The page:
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What is Hashgraph?

Hashgraph is the new decentralized consensus alternative to Blockchain.

Hashgraph serves the same needs as Blockchain: a democratic and secure way to exchange information. In that sense, hashgraph is a digital database, a decentralized online transaction record. It is a digital file than contains a ledger with names and balances. And so, users perform exchanges, while the digital file updates automatically all the time to include the new changes.

Hashghraph came out in the summer of 2017, almost a decade after blockchain’s first application, Bitcoin. For many fintech specialists, hashgraph is often characterized as Blockchain V2.0. In spite of its recency, hashgraph has been adopted by Deutsche Telekom, DLA Piper, and Nomura.


The elements of a hashgraph

A hashgraph is made up of events.

A hashgraph is made up of events. Every event contains three elements: A. A timestamp B. A list of transactions, and C. Two regular parent hashes.

A. Timestamp: The timestamp reveals time and date an event was created.
B. List of transactions: The list holds all the information regarding the transactions among users.
C. Two regular parent hashes: A hash is what identifies the event and its content. It’s what gives an event a unique identity, much like the human fingerprint. A parent hash is the hash of the previous events. In the case of hashgraph, there is a self-parent and an other-parent hashgraphs. But more about how hashes work in practice is coming in a bit.

Hashgraph is made up of these events and the information exchanged between them.


How does hashgraph work?


Suppose we want to create a type of auction that, unlike traditional auctions, is able to operate without a central authority. In this auction, all participating parties publicly maintain a distributed ledger on their computers, known as nodes.

Within the hashgraph framework the nodes share information with one another. The nodes are not just sharing what they’re also sharing who and when. This trail of information means each node knows when they found out about it and who they found out about it from. This allows the nodes to locally engage in a virtual voting protocol unique to hashgraphs. Without communicating with one another and consuming bandwidth mathematically rigorous voting algorithms are used by each node to agree on the order of transactions and how to apply them to change the state.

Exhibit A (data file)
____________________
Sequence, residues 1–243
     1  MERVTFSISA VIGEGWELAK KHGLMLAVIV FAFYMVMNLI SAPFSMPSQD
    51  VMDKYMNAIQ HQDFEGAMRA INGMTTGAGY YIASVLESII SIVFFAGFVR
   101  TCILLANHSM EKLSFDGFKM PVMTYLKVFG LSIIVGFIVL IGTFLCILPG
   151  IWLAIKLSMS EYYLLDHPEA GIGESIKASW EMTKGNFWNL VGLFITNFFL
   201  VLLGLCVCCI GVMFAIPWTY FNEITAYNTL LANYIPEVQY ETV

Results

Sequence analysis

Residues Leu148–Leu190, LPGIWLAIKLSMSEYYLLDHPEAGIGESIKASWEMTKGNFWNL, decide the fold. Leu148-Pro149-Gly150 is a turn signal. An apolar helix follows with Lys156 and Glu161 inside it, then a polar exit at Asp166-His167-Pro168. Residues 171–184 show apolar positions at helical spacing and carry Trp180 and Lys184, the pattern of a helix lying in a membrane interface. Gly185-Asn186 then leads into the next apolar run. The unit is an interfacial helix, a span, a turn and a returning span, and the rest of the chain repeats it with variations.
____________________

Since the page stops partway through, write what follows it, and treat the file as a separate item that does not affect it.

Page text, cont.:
How is a transaction made?


Let’s assume there are 4 nodes in the network, with each node representing a user. Thus, node A is George, node B is John, node C is Mary and node D is Alice.

As soon as a node enters the Network, it creates an event, which is represented here by a gray circle. Each event contains transactions and the purpose of the hashgraph is to ensure the validity of said transactions. Every node must come to a consensus about the order of the events and agree on the timestamp.

So, how can we ensure that every node can reach consensus on the current state of the ledger? Also, how can we ensure that one node cannot manipulate the entire system? This is where the gossip protocol comes into play.

The mechanism of gossip control is based on the sync of the nodes. Each node repeatedly calls others at random to sync with them.

On the graph, each node has its own vertex. The circle represents an event when one of the network nodes exchanges information with another node. Whenever such communication occurs, each of two nodes marks the event on their vertex and links the event with the preceding event on their vertex. This way, the full graph is simply a representation of a history of how the network nodes talked to each other. This is known as the gossip protocol.

Let’s see how this works in our example.

George chose at random to call Mary. When they connected, George sent Mary all the events he knew that Mary didn’t. Then, Mary records the communication that took place between them in the form of a new event. A new event is a new circle which has lines going straight down to his own last event, and diagonally down to George’s last event. This new event is different from the first, as its components are updated: A new transaction is recorded, the timestamp changes and the hashes change as well. The new hashes that every new event contains are those of the two events below itself, called self-parent and other-parent cash. In our example, the new event gets its hashes from the last events of George and Mary.

Moving on, Mary then picks another node at random. And so she chooses John. Upon receiving the new information, John is creating a new event recording the fact they synced, and including the hashes of the most recent event by himself and the most recent event by Mary.